LIHUE — Ann Y. Kennedy isn’t a typical business and accounting instructor.
She raps topics to her students, plays accounting games with them and occasionally takes them on excursions.
“For the first time, many of these students are being introduced to accounting. It’s very challenging; it’s foreign,” said Kennedy, a recipient of the 2016 Board or Regents Excellence In Teaching Award. “That’s part of the learning: Enjoying the teaching and learning helps them to remember and learn the material. There’s that bridge right there from academic learning to applying it.”
Although her teaching may be atypical, Kennedy says it creates engagement with her students.
“The students and I created an accounting cycle game as a project. I created a rap song,” she said. “I introduced some of the topics of the semester by making it fun, and instead of reciting it from a piece of paper, I rapped the song to a rap beat.”
Kennedy is among 14 instructors awarded the honor, which recognizes faculty who exhibit an extraordinary level of subject mastery and scholarship, teaching effectiveness and creativity, and personal values beneficial to students.
Kennedy was the sole KCC instructor to win the award and served as the lead adviser of Alpha Pi Xi, Kauai’s chapter of the Phi Theta Kappa International Honor Society from 2013-2015.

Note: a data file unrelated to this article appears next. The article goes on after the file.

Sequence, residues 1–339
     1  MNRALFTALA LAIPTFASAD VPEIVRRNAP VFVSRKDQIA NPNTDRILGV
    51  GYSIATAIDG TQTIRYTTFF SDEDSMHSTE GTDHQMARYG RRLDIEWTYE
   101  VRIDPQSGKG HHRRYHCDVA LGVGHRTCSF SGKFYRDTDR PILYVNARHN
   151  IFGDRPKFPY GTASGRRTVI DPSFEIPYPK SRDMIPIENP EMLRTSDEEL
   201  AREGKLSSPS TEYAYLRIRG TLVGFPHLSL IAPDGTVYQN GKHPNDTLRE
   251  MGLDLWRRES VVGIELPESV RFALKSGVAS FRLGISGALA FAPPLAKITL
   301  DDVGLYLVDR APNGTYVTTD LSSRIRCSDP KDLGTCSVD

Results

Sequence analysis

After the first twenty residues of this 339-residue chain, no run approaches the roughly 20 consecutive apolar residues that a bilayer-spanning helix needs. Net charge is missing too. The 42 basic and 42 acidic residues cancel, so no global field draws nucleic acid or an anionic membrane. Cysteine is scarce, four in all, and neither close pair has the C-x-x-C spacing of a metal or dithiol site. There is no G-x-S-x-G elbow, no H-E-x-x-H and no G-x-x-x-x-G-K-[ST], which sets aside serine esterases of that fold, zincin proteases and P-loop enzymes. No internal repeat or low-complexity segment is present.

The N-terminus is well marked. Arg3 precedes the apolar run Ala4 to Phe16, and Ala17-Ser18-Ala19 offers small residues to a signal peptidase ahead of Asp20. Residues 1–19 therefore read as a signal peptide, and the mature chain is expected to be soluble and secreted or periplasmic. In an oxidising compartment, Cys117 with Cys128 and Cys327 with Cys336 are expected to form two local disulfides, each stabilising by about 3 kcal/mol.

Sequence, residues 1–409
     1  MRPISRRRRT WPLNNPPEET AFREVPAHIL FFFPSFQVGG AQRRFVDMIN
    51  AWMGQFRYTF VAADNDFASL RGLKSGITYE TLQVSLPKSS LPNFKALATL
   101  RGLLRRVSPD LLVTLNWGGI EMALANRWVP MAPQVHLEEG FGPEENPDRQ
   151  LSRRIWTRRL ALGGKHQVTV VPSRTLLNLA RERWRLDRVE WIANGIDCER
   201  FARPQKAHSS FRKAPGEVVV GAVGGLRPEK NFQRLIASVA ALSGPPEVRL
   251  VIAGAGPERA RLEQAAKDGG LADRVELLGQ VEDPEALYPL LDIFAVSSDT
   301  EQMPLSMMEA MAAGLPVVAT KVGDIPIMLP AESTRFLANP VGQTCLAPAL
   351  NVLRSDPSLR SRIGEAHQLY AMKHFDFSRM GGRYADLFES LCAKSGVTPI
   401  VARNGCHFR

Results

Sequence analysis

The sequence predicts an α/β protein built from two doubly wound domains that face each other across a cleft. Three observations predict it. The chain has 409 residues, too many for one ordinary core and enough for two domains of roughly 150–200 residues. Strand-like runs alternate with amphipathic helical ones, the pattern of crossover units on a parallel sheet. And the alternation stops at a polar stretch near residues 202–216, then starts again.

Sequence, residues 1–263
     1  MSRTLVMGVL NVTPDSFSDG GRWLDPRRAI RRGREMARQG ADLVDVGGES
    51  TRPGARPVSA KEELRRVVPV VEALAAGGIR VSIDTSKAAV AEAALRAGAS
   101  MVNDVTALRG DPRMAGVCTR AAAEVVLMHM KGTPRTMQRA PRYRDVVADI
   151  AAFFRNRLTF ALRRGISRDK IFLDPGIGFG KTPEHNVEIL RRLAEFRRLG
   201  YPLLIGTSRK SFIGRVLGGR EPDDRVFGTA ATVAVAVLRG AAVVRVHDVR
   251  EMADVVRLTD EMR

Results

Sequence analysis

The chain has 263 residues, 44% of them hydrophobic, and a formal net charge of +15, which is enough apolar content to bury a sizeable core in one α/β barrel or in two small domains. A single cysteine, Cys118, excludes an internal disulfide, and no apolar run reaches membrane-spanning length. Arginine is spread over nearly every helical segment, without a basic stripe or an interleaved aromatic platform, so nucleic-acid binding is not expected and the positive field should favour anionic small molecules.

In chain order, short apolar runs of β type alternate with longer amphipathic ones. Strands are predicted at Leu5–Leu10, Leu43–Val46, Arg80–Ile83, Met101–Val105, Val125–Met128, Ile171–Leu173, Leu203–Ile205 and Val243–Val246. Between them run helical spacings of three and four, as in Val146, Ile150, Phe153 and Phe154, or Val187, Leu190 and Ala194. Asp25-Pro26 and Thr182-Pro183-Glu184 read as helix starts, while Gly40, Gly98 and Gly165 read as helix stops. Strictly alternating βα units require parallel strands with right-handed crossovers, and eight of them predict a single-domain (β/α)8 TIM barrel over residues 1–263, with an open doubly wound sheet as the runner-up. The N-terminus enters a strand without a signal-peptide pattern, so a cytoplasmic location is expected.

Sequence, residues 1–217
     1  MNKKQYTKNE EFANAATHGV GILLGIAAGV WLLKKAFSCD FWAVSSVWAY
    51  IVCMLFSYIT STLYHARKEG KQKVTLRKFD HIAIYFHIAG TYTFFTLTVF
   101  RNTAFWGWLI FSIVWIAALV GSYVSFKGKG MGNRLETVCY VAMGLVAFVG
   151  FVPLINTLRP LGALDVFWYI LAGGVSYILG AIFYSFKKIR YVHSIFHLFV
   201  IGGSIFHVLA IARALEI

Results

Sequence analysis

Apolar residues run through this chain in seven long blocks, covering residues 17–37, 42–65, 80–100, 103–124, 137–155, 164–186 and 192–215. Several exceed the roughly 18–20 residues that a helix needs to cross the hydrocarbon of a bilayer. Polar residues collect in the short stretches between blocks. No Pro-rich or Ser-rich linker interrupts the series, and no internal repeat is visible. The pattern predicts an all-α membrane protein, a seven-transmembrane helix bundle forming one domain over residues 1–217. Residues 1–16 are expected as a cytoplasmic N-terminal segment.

“Her drive for teaching comes from seeing students aim high with their educational, career, and personal goals and watching them achieve what they did not dream possible,” said David Iha, UH Board of Regent for Kauai County.
Bringing students on field trips to CPA firms as well as to Koloa Rum also bridges the gap between school and real-world experience.
“For a lot of my students, that’s something that’s really eye opening for them because it’s something that they haven’t seen before,” she said. “My third-semester students — they’re in an accounting course that is all about manufacturing and managerial accounting, so the managerial side cycle in itself is difficult to understand if you don’t see it happening.”
Winning the award, for Kennedy, is a humbling experience that validates her work.
“This award represents a lot of things about my teaching,” she said. “I try to do my very best to help students learn accounting material, which is not easy because it’s not something they’ve been regularly exposed to in grade school or middle or high school.”